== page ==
subject to \(y ( 0 ) =0\), \(y ' ( 0 ) =0\) with the exact solution \(y ( x ) = x^{{2}}\).
Applying the solution method given in Sect. 3, the main matrix equation of this problem and the conditions are given by
$$ \{ \mathbf{X}_{\sqrt{3}} \mathbf{L S}_{\sqrt{3}} -\mathbf{V} \} \mathbf{A} =\mathbf{G} $$
and
$$ \mathbf{U}_{0} \mathbf{A} = 0. $$
Let \(N=2\), the collocation points become \(x_{0} =0.25\), \(x_{1} =0.75\), \(x_{2} =1\). Here, the matrices in the main matrix relation of this problem are given as follows:
X 3 = [ 4 3 1 0 0 0 ( 4 3 ) 3 1 0 0 0 1 ] , S 3 = [ 0 0 1 Γ ( 3 3 ) 0 0 1 Γ ( 3 3 ) 0 0 0 ] , G = [ 2 sin ( 1 4 ) + 2 ( 4 ) 3 2 Γ ( 3 3 ) 1 2 2 sin ( 3 4 ) + 2 ( 3 4 ) 2 3 Γ ( 3 3 ) 3 2 2 sin ( 1 ) + 2 Γ ( 3 3 ) 2 ] , L = [ 1 3 4 17 32 1 1 4 7 32 1 0 1 2 ] , U 0 = [ 1 1 1 ] , V = [ sin ( 1 4 ) cos ( 1 4 ) + sin ( 1 4 ) 1 2 cos ( 1 4 ) 7 4 sin ( 3 4 ) cos ( 3 4 ) + sin ( 3 4 ) 1 2 cos ( 3 4 ) 5 4 sin ( 1 ) cos ( 1 ) + sin ( 1 ) 1 2 cos ( 1 ) 1 ] .
By solving this system, we get \(a_{0} =2\), \(a_{1} =-4\), \(a_{2} =2\). When we substitute the determined coefficients into Eq. (3), we get the exact solution.

This problem was also solved by Awawdeh et al. [19] and they found the approximate solution by the homotopy analysis method for \(N=5\). By the proposed method, we have found the exact solution of the problem for \(N=2\). Apparently, our method is better than the other method.

Example 4

Consider the following fractional Volterra integro-differential equation with the given initial condition \(y ( 0 ) =0\) and with the non-polynomial exact solution \(y ( x ) = x^{{3} / {2}}\):
$$ D^{\frac{1}{3}} y ( x ) = \frac{3 \sqrt{\pi }}{4\varGamma ( {13} / {6} ) } x^{{7} / {6}} - \frac{2}{63} x^{{9} / {2}} \bigl( 9+7 x^{2} \bigr) + \int_{0}^{x} \bigl( xt+ x^{2} t^{2} \bigr) y ( t ) \,dt. $$
The main matrix equation of this problem and the conditions are given as
$$ \{ \mathbf{X}_{{1} / {3}} \mathbf{L S}_{{1} / {3}} -\mathbf{V} \} \mathbf{A}=\mathbf{G} $$
and
$$ \mathbf{U}_{0} \mathbf{A} = 0. $$
The absolute errors of our method are compared with three methods: linear scheme, quadratic scheme, and linear-quadratic scheme for the fractional integro-differential equations of Kumar et al. [28] for \(N=5\) in Table 1. It is seen that our method gives better results than the other methods.
Table 1

Comparison of the absolute errors of Example 4 for different methods

x

Linear scheme

Quadratic scheme

Linear-quadratic scheme

Our method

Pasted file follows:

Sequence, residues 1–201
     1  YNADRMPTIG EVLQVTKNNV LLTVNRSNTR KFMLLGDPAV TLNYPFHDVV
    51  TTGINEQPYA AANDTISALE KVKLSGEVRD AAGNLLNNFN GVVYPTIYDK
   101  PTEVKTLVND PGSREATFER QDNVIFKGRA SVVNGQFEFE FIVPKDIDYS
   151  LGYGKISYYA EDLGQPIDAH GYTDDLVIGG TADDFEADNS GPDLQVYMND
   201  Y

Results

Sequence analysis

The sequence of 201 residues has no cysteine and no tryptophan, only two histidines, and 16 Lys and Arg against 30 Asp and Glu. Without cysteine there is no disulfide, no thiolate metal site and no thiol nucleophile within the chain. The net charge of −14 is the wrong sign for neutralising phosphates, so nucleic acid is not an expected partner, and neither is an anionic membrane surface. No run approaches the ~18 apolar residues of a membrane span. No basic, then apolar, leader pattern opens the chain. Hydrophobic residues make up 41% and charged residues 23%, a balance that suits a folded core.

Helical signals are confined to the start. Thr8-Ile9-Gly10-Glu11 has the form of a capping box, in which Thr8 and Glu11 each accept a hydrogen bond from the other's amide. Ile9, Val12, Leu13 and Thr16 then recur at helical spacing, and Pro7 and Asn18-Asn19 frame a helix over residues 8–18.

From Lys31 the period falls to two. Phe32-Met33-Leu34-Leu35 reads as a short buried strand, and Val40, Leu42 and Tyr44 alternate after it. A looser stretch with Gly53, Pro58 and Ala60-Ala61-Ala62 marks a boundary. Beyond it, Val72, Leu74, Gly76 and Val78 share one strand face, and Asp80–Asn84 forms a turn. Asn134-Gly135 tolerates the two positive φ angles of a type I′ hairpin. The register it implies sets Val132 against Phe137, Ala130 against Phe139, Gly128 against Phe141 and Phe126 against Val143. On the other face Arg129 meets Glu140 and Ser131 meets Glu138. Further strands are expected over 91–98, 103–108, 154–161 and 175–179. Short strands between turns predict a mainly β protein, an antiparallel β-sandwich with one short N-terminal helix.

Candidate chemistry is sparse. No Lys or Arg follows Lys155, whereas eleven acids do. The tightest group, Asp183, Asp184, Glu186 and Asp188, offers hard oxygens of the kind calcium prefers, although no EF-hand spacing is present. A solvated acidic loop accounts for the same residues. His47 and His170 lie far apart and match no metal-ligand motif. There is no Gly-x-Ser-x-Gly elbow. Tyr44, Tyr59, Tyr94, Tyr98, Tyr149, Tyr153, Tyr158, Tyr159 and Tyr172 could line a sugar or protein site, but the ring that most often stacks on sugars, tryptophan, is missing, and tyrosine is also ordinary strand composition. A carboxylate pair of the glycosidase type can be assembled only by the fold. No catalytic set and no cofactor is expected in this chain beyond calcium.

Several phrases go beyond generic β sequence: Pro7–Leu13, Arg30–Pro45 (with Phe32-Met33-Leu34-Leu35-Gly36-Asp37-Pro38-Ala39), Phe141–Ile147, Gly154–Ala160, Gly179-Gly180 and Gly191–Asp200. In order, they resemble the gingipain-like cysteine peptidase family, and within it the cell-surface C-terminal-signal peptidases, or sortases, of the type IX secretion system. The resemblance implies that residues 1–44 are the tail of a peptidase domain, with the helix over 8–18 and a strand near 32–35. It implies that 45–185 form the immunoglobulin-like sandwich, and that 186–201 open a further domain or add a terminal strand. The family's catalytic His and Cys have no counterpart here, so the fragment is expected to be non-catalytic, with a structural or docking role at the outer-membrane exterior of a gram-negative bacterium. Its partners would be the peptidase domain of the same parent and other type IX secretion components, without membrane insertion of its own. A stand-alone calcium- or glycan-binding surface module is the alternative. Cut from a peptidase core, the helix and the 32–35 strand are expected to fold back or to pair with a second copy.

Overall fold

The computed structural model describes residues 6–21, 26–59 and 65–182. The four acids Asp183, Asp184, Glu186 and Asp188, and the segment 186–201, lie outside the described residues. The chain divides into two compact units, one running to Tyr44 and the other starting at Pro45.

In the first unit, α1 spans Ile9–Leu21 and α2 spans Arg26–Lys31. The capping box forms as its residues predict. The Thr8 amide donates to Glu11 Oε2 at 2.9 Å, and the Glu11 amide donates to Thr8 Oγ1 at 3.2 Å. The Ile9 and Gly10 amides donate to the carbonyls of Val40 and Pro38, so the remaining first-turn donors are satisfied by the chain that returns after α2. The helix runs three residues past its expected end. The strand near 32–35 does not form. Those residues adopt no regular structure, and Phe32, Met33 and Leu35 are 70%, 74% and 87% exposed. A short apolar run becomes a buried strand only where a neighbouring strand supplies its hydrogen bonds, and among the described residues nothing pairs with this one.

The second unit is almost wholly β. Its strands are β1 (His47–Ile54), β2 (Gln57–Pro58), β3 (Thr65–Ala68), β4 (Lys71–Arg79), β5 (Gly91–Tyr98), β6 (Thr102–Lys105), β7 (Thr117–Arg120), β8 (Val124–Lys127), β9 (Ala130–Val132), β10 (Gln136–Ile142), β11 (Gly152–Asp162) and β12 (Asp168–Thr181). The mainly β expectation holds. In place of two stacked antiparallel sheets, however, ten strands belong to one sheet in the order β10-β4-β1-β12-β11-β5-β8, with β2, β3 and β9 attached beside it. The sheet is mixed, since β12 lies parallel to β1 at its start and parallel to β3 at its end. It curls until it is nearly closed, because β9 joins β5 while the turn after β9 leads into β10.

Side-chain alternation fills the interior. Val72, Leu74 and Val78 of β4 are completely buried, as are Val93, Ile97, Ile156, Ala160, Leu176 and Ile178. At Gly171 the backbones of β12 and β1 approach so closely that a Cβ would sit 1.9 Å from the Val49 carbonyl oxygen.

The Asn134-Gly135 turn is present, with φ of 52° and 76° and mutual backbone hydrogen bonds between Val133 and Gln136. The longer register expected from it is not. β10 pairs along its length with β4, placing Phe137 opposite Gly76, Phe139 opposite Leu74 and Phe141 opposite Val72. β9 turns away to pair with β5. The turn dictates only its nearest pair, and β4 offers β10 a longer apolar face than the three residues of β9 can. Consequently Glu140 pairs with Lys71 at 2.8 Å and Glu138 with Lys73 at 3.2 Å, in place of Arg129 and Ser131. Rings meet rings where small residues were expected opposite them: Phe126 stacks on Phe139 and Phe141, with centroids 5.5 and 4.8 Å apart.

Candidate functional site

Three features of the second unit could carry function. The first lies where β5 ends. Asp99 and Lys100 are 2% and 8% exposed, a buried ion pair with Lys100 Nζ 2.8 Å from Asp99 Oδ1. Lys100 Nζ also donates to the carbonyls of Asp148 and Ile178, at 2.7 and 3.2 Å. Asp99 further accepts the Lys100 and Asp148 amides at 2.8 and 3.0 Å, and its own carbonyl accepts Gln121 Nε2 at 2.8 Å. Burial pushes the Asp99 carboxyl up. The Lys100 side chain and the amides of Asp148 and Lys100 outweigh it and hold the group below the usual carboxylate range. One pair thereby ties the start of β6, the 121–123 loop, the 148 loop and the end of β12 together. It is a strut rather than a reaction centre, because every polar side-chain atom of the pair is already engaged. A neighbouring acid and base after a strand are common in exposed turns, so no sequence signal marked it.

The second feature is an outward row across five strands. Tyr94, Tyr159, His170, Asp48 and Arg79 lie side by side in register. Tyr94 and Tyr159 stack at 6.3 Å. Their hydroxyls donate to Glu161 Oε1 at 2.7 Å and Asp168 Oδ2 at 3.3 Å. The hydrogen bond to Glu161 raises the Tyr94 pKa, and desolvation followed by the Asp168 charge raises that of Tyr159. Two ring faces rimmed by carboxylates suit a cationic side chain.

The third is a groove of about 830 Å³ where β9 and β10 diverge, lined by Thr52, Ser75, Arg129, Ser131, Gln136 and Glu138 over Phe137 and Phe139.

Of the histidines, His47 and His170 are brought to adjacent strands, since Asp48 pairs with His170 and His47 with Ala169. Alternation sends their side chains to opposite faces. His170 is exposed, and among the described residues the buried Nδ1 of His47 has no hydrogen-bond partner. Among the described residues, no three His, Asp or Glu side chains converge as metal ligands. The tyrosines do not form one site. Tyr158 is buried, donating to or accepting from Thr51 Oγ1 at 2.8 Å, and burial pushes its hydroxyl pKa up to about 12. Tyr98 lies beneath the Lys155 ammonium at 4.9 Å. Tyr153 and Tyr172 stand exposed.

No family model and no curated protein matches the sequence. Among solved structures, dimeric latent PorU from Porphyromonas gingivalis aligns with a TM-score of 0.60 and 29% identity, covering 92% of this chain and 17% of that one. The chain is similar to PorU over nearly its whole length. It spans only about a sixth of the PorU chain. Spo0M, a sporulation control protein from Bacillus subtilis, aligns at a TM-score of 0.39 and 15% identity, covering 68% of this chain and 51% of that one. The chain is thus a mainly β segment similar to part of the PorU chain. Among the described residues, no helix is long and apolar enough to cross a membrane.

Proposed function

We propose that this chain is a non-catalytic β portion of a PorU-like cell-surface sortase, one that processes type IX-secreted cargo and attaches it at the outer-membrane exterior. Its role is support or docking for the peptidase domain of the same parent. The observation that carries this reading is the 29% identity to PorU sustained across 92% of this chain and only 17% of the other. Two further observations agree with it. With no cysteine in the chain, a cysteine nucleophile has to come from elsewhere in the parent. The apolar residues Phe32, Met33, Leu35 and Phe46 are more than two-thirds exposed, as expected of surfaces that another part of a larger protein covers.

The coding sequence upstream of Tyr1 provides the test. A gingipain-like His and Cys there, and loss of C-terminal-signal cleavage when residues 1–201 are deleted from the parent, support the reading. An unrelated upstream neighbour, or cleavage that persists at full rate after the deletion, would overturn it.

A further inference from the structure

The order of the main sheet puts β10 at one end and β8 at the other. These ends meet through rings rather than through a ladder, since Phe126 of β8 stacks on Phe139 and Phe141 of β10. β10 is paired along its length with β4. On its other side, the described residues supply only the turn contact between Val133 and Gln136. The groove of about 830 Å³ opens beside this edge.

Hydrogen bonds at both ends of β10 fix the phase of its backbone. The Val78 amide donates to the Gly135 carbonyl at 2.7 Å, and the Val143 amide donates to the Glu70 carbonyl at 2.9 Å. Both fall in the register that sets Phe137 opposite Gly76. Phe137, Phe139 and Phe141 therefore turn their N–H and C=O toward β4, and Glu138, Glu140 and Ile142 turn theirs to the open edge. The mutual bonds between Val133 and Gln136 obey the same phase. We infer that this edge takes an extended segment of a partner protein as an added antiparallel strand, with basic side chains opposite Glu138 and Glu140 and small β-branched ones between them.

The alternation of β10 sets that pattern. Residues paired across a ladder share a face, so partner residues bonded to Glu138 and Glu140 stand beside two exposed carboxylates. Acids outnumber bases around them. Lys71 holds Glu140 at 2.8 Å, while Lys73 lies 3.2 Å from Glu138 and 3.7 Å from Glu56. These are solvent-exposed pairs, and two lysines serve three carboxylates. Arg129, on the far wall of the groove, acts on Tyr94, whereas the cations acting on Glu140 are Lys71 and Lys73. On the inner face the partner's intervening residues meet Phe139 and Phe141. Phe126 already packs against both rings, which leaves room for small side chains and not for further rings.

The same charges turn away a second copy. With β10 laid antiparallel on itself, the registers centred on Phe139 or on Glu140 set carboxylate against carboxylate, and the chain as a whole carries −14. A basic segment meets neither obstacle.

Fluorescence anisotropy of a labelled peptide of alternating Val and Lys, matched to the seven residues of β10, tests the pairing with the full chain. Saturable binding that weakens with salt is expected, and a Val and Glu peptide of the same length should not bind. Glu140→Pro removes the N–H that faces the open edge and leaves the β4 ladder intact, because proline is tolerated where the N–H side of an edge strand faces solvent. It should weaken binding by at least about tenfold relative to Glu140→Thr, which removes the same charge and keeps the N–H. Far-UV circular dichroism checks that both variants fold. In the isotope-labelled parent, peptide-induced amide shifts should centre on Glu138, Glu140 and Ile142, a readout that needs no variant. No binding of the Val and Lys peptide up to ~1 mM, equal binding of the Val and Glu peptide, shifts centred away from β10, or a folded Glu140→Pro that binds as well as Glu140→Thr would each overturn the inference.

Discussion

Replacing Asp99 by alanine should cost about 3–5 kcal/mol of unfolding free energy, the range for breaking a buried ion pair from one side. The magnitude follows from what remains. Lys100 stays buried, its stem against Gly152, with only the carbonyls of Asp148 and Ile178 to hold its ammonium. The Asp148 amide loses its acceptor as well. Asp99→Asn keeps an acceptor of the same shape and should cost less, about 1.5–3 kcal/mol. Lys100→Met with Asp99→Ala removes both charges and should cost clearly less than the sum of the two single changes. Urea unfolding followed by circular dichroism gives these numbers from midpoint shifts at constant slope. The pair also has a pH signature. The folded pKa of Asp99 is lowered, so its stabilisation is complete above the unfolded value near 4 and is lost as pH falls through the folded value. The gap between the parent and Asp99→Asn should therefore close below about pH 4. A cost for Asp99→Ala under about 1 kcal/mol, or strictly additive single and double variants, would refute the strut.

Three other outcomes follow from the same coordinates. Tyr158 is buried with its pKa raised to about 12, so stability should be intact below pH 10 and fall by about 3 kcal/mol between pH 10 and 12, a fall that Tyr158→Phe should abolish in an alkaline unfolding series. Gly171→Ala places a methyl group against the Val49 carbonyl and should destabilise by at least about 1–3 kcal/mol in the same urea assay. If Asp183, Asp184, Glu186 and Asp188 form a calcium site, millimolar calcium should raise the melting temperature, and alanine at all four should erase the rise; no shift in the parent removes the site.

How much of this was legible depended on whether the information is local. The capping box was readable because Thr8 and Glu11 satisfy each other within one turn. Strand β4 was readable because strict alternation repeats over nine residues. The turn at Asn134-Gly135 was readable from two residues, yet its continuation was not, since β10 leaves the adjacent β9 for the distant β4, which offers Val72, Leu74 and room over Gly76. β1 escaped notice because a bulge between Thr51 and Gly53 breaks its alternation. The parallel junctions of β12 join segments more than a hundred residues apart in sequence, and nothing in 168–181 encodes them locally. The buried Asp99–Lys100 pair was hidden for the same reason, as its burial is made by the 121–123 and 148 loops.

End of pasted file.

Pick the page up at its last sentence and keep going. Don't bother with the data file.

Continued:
0.2

9.8 × 10−3

9.8 × 10−3

9.8 × 10−3

2.9 × 10−4

0.4

1.1 × 10−2

4.8 × 10−3

4.9 × 10−3

7.3 × 10−4

0.6

1.2 × 10−2

2.9 × 10−3

3.2 × 10−3

9.5 × 10−4

0.8

1.4 × 10−2

2.6 × 10−3

3.5 × 10−3

8.3 × 10−4

1

1.9 × 10−2

3.3 × 10−3

5.5 × 10−3

4.5 × 10−4

Example 5

Consider the following linear fractional Volterra integro-differential equation which is a test problem to the proposed method with a non-polynomial exact solution and with a non-separable kernel:
$$ D^{\frac{1}{2}} y ( x ) +y ( x ) = \frac{2}{5} + \frac{3 \sqrt{\pi } x}{4} + x^{\frac{3}{2}} -2 \frac{e^{x^{ \frac{7}{2}}}}{5} + \int_{0}^{x} x e^{x t^{2} \sqrt{t}} y ( t ) \,dt $$
subject to the initial condition \(y ( 0 ) =0\) with the exact solution \(y ( x ) = x^{{3} / {2}}\).
Since the solution is not a polynomial, the exact solution cannot be obtained by the proposed method. That is why approximate solutions are gained and maximum absolute errors of this problem are given in Table 2 for the different N values.
Table 2

Maximum errors of Example 5 for different N values

N

2

4

6

8

10

Maximum errors

1.3 × 10−2

1.7 × 10−3

5.5 × 10−4

2.4 × 10−4

1.3 × 10−4

5 Conclusion

In this study, a collocation method based on Laguerre polynomials has been developed for solving the fractional linear Volterra integro-differential equations. For this purpose, the matrix relation for the Caputo fractional derivative of the Laguerre polynomials has been obtained for the first time in the literature. Using these relations and suitable collocation points, the integro-differential equation has been transformed into a system of algebraic equations. The method is faster and simpler than the other methods in the literature, and better than the homotopy analysis and Legendre wavelet method.

Declarations

Acknowledgements

The authors would like to thank the reviewers for their constructive comments to improve the quality of this work.

Funding

This work is supported by the Scientific Research Project Coordination Unit of Pamukkale University with numbers 2018KRM002-227 and 2018KRM002-457.

Authors’ contributions

All authors read and approved the final manuscript.

Competing interests

The authors declare that they have no competing interests.

Open Access This article is distributed under the terms of the Creative Commons Attribution 4.0 International License (http://creativecommons.org/licenses/by/4.0/), which permits unrestricted use, distribution, and reproduction in any medium, provided you give appropriate credit to the original author(s) and the source, provide a link to the Creative Commons license, and indicate if changes were made.

Authors’ Affiliations

(1)
Department of Mathematics, Faculty of Science and Arts, Pamukkale University, Denizli, Turkey